- Guio de Moraes — Gente Que Diz de Balanço
(1964) Continental PPL 12131
- Orquestra Discastro, Don Bradley, Rubens, Robledo, The Star Boys, Conjunto de Fred & Richard — Grande Baile No. 1
(196?) Discastro GED-1001
- Carlos Lyra — Bossa Nova
(1960) Philips P 630.409 L
- Garôto — Garôto & Sexteto
(1966) Farroupilha LPFA-412
- Dick Farney, Brazilian Jazz Quartet, Tenteto de K-Ximbinho — 2o Concêrto de Jazz de Camera no Teatro Municipal
(1960) Prestige DLP 2001
- The Pop’s — The Pop’s
(1967) Equipe EQ 813
- The Pop’s — Na Base do Iê, Iê, Iê
(1966) Equipe EQ 811
- Turma da Gafieira — Turma da Gafieira
(1957) Musidisc Hi-Fi 1
- Chaim Lewak — Para Ouvir Amando N o. 3
(1959) Som SOLP 40089
- Sérgio Mendes, Bossa Rio — Você Ainda Não Ouviu Nada (1964) Philips P 632.701 L
- Cid Gray — Só Samba Sabendo Sambar
(1961) Continental LPP 3160
This double-page spread from the book features jazzy sounds by two very different legends: Turma da Gafieira and Sérgio Mendes.
Turma da Gafieira was a highly original all-star band which released only two albums, both in 1957. The cast is not entirely verified, but the debut album Turma da Gafieira presumably features João Leal Brito ‘Britinho’ and Paulinho (Paulo Lima de Jesus?) on piano, Zé Bodega on tenor saxophone, Raul de Barros on trombone, Maurílio Santos on trumpet, Altamiro Carrilho on flute, Sivuca on accordion, Nestor Campos on guitar, Jorge Marinho on bass and Édison Machado on drums. The successor Samba em Hi-Hi supposedly features João Leal Brito ‘Britinho’ and/or Paulinho (Paulo Lima de Jesus?) on piano, Zé Bodega and Cipó on tenor saxophone, Raul de Souza on trombone, Altamiro Carrilho on flute, Sivuca on accordion, Baden Powell on guitar, an unidentified bass and Édison Machado on drums. While the debut featured compositions by Altamiro Carrilho only, the second album was a mix of sambas and popular songs like Conceição, Cauby Peixoto‘s no. 1 hit of 1956. The groups final release in 1962, Melodia… Ritmo… Alegria… Turma da Gafieira, was a compilation of the two original albums.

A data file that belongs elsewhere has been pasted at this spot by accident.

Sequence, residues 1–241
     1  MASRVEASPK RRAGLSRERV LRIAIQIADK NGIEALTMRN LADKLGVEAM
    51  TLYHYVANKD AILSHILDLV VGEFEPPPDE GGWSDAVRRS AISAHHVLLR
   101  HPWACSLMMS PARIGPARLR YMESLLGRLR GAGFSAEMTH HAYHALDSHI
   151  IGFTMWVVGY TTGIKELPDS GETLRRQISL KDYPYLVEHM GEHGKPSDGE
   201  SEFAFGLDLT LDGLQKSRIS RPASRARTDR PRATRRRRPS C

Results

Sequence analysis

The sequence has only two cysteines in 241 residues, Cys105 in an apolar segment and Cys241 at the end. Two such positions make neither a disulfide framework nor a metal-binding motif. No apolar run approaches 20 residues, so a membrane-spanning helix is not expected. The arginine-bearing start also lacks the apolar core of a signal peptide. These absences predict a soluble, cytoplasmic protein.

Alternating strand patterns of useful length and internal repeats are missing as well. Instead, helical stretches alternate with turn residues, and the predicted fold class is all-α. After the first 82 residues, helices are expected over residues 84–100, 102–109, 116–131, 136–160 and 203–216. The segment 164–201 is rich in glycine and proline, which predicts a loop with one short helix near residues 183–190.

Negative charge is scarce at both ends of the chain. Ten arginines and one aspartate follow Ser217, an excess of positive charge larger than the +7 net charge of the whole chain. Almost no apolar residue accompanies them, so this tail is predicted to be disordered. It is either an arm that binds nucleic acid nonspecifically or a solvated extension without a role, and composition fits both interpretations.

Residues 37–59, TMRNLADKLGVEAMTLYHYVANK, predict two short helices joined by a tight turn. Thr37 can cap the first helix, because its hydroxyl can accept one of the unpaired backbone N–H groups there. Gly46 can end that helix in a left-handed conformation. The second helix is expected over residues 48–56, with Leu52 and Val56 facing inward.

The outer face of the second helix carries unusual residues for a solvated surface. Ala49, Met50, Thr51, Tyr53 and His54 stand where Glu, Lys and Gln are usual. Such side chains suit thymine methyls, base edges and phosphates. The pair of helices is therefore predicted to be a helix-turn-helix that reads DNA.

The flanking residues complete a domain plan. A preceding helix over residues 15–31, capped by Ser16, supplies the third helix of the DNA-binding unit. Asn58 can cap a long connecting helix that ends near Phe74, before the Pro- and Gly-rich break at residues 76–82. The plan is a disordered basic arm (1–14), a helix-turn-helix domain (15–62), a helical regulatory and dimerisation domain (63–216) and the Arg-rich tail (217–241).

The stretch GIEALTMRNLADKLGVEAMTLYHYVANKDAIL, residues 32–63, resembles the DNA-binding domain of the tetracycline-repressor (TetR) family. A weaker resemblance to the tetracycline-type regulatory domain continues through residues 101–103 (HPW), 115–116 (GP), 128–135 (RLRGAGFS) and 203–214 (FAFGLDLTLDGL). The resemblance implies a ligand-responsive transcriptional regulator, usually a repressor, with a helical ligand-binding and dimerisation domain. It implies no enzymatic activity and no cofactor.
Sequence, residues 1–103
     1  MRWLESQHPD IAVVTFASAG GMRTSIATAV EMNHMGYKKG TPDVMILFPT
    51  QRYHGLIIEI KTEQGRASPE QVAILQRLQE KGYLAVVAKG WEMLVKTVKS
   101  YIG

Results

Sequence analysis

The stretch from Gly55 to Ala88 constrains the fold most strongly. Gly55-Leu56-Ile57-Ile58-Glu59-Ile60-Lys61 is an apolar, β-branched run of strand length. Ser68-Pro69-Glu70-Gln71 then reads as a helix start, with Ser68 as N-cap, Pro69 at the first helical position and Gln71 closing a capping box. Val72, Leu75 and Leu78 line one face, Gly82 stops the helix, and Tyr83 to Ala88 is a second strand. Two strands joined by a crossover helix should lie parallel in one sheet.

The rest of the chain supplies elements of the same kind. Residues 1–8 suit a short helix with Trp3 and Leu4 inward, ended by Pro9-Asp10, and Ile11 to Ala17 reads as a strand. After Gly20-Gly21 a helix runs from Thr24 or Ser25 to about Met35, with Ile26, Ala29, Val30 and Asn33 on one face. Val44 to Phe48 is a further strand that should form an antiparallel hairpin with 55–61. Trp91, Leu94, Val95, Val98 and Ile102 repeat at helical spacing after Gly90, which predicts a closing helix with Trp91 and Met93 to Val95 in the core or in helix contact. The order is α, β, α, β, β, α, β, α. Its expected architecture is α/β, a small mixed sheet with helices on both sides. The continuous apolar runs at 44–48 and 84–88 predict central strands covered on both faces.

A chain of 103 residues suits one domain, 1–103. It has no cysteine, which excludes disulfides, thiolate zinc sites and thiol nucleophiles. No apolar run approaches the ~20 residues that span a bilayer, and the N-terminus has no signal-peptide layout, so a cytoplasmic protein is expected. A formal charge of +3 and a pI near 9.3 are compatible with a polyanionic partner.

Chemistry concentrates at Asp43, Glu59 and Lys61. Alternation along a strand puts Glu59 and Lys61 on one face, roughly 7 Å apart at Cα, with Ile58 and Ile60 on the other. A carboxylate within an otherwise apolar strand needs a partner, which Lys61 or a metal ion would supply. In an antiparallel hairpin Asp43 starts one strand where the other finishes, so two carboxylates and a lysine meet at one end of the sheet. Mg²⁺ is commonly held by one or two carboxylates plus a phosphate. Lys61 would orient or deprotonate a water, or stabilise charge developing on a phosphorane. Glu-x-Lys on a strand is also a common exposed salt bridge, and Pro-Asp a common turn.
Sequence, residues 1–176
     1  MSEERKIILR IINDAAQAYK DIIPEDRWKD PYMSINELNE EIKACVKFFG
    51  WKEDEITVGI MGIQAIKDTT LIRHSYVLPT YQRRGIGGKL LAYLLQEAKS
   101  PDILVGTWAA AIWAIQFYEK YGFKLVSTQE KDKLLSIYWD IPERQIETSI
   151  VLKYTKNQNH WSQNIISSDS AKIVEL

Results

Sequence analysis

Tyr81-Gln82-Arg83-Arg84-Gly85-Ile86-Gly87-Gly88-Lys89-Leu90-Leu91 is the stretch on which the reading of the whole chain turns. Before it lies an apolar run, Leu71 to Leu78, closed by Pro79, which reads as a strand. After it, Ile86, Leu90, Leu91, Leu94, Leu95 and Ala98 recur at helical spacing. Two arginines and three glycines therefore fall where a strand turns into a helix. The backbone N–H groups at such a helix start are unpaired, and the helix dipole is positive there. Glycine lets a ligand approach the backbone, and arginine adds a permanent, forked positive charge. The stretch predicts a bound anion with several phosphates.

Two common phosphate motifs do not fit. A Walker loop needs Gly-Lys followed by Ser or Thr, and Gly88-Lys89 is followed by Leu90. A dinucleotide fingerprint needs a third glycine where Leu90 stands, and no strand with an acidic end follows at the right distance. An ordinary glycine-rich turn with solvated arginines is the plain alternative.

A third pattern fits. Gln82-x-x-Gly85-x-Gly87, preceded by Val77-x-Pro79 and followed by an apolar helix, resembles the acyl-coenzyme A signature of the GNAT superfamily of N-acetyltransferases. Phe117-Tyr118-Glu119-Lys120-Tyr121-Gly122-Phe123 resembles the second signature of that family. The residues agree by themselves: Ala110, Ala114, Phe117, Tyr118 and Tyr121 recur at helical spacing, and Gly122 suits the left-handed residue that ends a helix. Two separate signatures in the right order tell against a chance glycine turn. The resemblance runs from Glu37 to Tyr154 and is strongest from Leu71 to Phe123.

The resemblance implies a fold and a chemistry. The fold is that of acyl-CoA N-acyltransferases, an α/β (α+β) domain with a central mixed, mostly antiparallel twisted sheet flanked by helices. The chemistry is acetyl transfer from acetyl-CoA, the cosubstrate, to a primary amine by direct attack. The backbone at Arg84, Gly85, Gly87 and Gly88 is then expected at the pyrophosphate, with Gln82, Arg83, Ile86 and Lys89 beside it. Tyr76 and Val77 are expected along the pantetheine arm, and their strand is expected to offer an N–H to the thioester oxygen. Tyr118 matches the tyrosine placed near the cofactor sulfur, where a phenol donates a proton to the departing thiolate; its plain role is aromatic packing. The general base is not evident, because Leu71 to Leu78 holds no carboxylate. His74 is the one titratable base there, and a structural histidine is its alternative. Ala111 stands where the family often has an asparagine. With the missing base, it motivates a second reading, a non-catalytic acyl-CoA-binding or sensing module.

As members of Turma da Gafieira, Édison Machado introduced his ‘samba no pratos’, the samba rhythm using cymbals, and Sivuca played his scats on the accordion for the first time. Both techniques, although annoying some purists at first, became acclaimed characteristics of these musicians.
Turma da Gafieira’s historical value for Brazil’s popular music is of great importance, since for the first time improvised jazz was recorded to genuine samba rhythms. When bolero, samba-canção, fossa and tango were the dominating styles for ballads, and samba in its many varieties for up-tempo songs, the mixing of jazz improvisations with Brazilian rhythms was way ahead of time. Bossa nova was yet to come, not to mention the subsequent forms of samba-jazz and hard bossa.
Playlist Turma da Gafieira:
1. Samba de Morro (Altamiro Carrilho) from the album Turma da Gafieira (1957)
2. Conceição (Jair Amorim – Valdemar de Abreu ‘Dunga’) from the album Samba em Hi-Fi (1957)
3. Rio Antigo (Altamiro Carrilho) from the album Turma da Gafieira (1957)
4. Meu Sonho é Você (Altamiro Carrilho – Átila Nunes) from the album Turma da Gafieira (1957)
5. Vagabundo (Wilson Batista / Jorge de Castro) from the album Samba em Hi-Fi (1957)
The fabulous art work of Turma da Gafieira, indicating Vera Regina as the cheerful model, is by Joselito with photograph by Mafra.